Isolation Spaces in Long-Term Care Facilities

Isolation

COVID-19 is a highly contagious virus that is predominantly spread through contact and dispersion of droplets between people and nearby surfaces.  Because the elderly are among the most vulnerable to COVID-19, there are some measures long-term care facilities (LTC) can take to help prevent the spread of the virus.  Effective measures for LTC facilities include modifications to HVAC systems, cleaning, screening occupants, staff and visitors and containment.

Isolation Wings

In a long-term care facility, one of the most effective ways an HVAC system can be used to help stop the spread of a virus is to keep it contained to a specific area and utilize pressure zones.  If residents within the facility become infected with a virus, moving them away from others who are not infected as quickly as possible will help reduce the spread of the virus.  In order to accomplish this goal, LTC facilities should identify areas in their communities that can be changed into isolation wings.  The drawing below illustrates how a typical resident wing could be converted to an isolation wing.

Isolation wings are developed by turning blocks of resident rooms into Airborne Infection Isolation (AII) rooms.  In most LTC facilities there are not many true AII rooms; however, the current COVID-19 pandemic has prompted many LTC facilities to develop plans to either quickly turn a block of rooms or an entire wing into an AII area.  AII rooms are utilized in healthcare and long-term care facilities to help keep airborne pathogenic organisms from spreading throughout the facility and infecting others.  The drawing below illustrates how a typical resident room could be converted to an isolation room.

The 2018 FGI Guidelines for Design and Construction of Residential Health, Care, and Support Facilities provides requirements for the construction of an AII room including requiring 2 air changes per hour (ACH) of outside air and 12 ACH total.  The elevated air changes are implemented to capture and contain contaminants with proper filtration.

Anterooms for AII rooms, while not required by the 2018 FGI Guidelines, provide multiple advantages.  First, they provide an airlock chamber that can be used to help maintain pressure control between the corridor and the resident room.  Second, they provide a location for the healthcare worker to don personal protective equipment (PPE) prior to entering the room as well as remove the PPE when leaving.

Some important considerations for identifying potential AII spaces include:

  • Identify an area of the facility whose HVAC system is either already separate or can be easily segregated from other areas.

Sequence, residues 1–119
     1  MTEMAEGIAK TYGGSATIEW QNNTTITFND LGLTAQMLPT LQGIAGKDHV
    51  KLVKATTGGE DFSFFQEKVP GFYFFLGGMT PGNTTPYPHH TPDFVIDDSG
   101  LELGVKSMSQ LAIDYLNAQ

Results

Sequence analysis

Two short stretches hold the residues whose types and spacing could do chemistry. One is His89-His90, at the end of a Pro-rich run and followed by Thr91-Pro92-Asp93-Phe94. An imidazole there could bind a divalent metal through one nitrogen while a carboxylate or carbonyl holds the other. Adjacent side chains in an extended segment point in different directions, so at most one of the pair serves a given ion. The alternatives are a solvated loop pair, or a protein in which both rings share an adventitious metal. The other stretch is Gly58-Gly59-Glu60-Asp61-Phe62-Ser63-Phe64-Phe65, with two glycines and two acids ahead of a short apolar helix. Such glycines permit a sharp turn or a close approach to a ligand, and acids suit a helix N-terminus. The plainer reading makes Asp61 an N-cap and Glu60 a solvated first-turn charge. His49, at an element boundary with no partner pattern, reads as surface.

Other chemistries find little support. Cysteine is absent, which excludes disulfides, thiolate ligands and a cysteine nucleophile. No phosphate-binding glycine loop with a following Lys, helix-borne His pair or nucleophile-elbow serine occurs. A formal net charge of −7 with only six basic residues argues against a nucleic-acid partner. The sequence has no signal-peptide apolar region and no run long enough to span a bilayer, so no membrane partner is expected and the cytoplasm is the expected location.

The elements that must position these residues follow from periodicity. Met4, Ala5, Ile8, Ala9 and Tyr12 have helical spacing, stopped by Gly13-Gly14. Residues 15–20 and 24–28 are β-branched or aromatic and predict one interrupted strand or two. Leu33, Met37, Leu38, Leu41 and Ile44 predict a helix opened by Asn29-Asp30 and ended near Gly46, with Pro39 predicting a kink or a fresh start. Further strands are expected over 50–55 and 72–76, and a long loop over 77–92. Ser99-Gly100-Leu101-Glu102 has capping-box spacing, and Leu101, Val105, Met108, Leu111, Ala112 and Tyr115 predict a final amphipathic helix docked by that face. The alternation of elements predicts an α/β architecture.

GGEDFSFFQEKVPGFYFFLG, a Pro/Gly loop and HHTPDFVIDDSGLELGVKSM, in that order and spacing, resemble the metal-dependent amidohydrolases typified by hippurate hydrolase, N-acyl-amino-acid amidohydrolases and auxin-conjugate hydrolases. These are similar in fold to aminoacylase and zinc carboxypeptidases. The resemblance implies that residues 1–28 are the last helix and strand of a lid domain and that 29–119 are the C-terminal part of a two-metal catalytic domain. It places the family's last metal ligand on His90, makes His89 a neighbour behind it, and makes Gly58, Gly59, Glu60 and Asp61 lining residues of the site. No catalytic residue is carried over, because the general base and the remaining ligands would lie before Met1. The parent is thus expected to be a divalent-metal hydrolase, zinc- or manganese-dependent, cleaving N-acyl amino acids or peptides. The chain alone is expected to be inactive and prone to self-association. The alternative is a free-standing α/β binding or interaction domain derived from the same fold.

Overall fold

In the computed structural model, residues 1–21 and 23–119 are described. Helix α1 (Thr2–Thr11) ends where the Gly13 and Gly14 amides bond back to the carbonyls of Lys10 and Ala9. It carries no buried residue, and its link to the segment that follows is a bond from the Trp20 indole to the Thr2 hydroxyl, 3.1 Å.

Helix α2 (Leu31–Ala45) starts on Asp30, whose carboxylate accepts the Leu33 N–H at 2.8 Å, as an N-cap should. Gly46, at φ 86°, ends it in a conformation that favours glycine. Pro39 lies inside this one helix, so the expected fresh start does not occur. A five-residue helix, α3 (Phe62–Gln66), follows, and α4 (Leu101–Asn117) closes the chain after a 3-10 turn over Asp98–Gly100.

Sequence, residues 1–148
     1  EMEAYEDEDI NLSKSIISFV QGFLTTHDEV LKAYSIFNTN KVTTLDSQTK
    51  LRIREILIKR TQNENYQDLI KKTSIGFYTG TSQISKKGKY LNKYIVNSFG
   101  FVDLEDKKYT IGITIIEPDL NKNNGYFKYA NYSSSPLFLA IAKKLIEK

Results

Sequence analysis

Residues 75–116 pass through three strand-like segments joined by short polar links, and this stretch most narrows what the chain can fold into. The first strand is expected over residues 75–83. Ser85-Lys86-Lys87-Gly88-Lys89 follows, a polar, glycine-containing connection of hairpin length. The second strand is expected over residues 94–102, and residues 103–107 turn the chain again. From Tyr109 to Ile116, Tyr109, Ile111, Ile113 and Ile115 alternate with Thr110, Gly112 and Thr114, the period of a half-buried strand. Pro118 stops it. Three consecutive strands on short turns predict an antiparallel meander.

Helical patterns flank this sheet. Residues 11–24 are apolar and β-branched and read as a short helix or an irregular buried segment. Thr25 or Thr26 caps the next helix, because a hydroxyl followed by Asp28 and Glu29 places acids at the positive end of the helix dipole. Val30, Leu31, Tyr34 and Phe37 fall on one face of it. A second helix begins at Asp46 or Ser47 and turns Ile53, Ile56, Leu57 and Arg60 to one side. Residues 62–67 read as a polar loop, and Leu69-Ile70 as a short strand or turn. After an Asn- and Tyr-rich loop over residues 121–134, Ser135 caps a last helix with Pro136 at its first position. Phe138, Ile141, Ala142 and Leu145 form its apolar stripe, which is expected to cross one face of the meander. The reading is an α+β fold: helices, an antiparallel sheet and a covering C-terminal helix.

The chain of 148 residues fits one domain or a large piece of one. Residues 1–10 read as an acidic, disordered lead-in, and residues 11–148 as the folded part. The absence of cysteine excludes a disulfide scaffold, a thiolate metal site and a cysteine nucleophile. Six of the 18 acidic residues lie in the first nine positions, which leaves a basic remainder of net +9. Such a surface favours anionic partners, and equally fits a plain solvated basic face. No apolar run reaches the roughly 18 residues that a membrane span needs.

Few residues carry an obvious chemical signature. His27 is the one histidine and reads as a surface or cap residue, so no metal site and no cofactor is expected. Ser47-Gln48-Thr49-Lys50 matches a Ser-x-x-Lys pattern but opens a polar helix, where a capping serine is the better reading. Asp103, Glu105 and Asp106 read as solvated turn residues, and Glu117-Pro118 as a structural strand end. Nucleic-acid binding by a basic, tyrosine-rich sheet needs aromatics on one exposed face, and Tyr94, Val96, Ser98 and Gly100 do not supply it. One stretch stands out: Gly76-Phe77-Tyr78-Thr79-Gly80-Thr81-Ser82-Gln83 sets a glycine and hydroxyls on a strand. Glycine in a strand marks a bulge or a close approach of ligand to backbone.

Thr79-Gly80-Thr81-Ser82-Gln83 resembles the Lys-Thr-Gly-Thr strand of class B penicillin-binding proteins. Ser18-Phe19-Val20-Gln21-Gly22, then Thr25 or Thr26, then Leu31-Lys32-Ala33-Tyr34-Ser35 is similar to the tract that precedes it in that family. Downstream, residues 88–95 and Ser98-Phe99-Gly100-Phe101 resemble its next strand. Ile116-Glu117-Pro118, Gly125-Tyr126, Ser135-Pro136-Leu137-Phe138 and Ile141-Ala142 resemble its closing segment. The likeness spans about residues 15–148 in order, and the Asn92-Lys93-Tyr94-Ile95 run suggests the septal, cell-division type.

• Evaluate the system(s) that could be utilized to provide outside air in sufficient amounts to address the planned operations. Central and/or local systems that supply outside air will need to be reviewed to verify their ability to accommodate increased outside air during peak cooling and heating seasons.
  • Dedicated outside air systems (DOAS) may need to be rebalanced to distribute air in sufficient quantities to all spaces.  A review of occupants and usage may be performed to verify minimum outside air quantities and how air may be shifted around the system to areas that require additional amounts of outside air for the new or temporary operations planned.  Note, DOAS systems that serve multiple spaces, including new temporary AII rooms, may continue to remain in operation without the need to separate the systems.  However, to maintain pressurization and reduce potential for cross contamination, the system must operate 24/7.  Positive airflow through the duct system will prevent possible cross contamination through the duct system.
  • Balancing will need to be adjusted to make the resident rooms negative to the corridor or anteroom if one exists or is provided as a temporary measure.
  • If recirculating HVAC systems, such as fan coil units or water source heat pumps, are being used within the AII room to provide heating and cooling to the space and these are the sole source of outside air to the room, they will likely be required to operate continuously.  In this scenario, the exhaust from the room will likely need to be increased to make the room negative with respect to the corridor. In systems where the exhaust fan airflow cannot be increased by balancing, a separate exhaust system will need to be investigated.
  • Equipping the isolation wing with provisions for medical-gases will provide future flexibility to treat residents who become infected with a contagious disease.  Providing medical-gas connections in the resident rooms as well as a location outside for bulk oxygen tanks to quickly connect to will make switching an area into an AII area quicker and easier.  As an immediate solution, local gas cylinders may be utilized, but code compliance for stored oxidizing material quantities must be verified.  In some cases it may be necessary to locate cylinders outside.  To comply with code requirements, stored oxygen cylinders should be located within ventilated enclosures.

Isolation spaces, whether rooms or wings, are one strategy to help reduce the spread of the virus that must be implemented as part of a multi-pronged approach to help long-term care facilities maintain safer environments and productive operations.

Authors

Steven J. Degrazio, PE
Life Care Sector Leader